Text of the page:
Much has changed in the past 18 hours for Robyn Berman, a Halifax woman who is trying to get her sister Jo Shulman back to Canada after Hurricane Irma blew through St. Martin on Wednesday.
The two sisters were able to talk on the phone several times on Sunday for a couple of minutes each call, planning the best way to get her off the Caribbean Island and get her back home to Ottawa.
"She is doing OK, she is frustrated, she's tired. She's less anxious than when I spoke to her for the first time on Friday. She's just looking for some directive," said Berman.
Berman said she plans to speak with her sister on Monday morning to give her advice.
Risky to leave
Berman said her sister lives in the Colombier area on the French side of the island, whose territory is divided between the Netherlands (St. Maarten) and France (St. Martin). The storm did not destroy Shulman's apartment, but it doesn't have electricity.
Leaving the apartment could prove risky, Berman said.
In terms of options, should Berman's sister leave her apartment, she could go to a shelter on the French side of the island, a shelter on the Dutch side of the island or go to the airport on the Dutch side.
"The problem for my sister is she is so far away from all of that, she would either have to hitchhike or beg someone she knows to get a ride over to the Dutch side and that may take all day. And then they have a curfew," said Berman.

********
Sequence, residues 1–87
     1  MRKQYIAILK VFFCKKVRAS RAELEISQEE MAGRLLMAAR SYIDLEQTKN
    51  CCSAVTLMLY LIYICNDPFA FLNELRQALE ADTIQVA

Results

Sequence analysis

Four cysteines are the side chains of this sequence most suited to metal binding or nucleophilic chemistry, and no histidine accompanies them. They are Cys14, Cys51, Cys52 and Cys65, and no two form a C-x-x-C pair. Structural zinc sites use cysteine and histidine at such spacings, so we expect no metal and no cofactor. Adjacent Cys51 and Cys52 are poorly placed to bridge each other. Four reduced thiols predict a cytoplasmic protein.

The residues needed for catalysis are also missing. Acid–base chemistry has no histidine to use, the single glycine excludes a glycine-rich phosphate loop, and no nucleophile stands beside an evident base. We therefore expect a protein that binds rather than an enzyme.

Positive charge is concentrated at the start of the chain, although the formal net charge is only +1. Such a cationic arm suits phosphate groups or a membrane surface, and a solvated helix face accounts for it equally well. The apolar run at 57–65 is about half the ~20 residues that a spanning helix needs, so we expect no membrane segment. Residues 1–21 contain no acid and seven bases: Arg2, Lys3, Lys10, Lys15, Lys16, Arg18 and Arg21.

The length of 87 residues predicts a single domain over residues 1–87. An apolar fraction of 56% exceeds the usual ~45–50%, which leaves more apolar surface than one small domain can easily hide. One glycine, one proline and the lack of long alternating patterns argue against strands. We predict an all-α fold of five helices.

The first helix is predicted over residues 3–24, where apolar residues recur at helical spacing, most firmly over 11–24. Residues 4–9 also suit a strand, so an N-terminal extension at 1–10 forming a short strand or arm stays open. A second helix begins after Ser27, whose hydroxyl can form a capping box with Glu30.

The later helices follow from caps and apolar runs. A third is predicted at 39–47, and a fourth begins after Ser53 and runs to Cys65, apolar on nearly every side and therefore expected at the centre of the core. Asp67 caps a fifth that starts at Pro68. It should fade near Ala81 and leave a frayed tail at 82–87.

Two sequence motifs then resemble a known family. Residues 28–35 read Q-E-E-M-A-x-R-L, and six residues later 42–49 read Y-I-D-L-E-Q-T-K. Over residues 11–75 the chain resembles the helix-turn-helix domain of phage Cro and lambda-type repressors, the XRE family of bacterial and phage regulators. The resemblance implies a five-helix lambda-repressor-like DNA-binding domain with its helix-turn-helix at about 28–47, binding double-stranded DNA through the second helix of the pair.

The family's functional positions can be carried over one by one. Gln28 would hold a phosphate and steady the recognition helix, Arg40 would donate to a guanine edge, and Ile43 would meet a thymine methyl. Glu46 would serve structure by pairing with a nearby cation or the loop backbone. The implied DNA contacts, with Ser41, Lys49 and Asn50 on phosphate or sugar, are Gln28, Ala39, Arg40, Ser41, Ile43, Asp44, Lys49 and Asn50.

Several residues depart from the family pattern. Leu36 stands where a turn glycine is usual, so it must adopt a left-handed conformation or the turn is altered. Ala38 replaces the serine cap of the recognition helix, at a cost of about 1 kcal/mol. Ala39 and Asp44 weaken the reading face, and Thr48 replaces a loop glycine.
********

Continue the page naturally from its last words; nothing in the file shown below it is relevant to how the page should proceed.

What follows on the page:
"So she has to be very cognizant of the choices she makes around her travel arrangements."
'She's trying to survive'
Berman is also frustrated about dealing with Global Affairs Canada, which she said has not been helpful in giving her advice for where her sister should go.
Government officials said so far 296 Canadians have reached out to the Canadian government for help in the wake of the storm.
Berman said at this point, she will be telling her sister to take her personal belongings and her passport to get to the airport on the Dutch side of the island.
If she isn't able to get back to Canada that way, Berman said the next best thing for her sister to do would be to go back to her apartment and wait it out.
"She's frustrated because she's trying to survive. I'm frustrated because I'm here and able and trying to do the very best that I can to get her a plan to get out and I feel like I'm on my own trying to do that," said Berman.
"I don't feel like there's any kind of community from Global Affairs Canada to say, 'We got her name, send her to this location' ... but there's just absolutely none of that communication or directive coming from them."
Irma hits Florida
Parts of Florida were dealing with Irma by Sunday afternoon.
Margaret Graham, who has lived most of her life in Nova Scotia, manages a retirement village of about 300 mobile homes in Lake Placid.
Although many of the residents left before the storm hit, more than 30 stayed behind to wait out the storm in the village's clubhouse.
"The winds are really, really picking up and we're not into the worst of it yet. But the trees are [bending] over crazily and it's a lot of wind and rain right now," said Graham.
Graham said the clubhouse can withstand a Category 3 hurricane, but she said the windows are not reinforced "so we're just afraid something could come flying through the windows, that's the concern right now."
"We're just all hunkered down here, everybody has food and water and we have a big screen TV, we have generators that will back up just about everything in here," said Graham.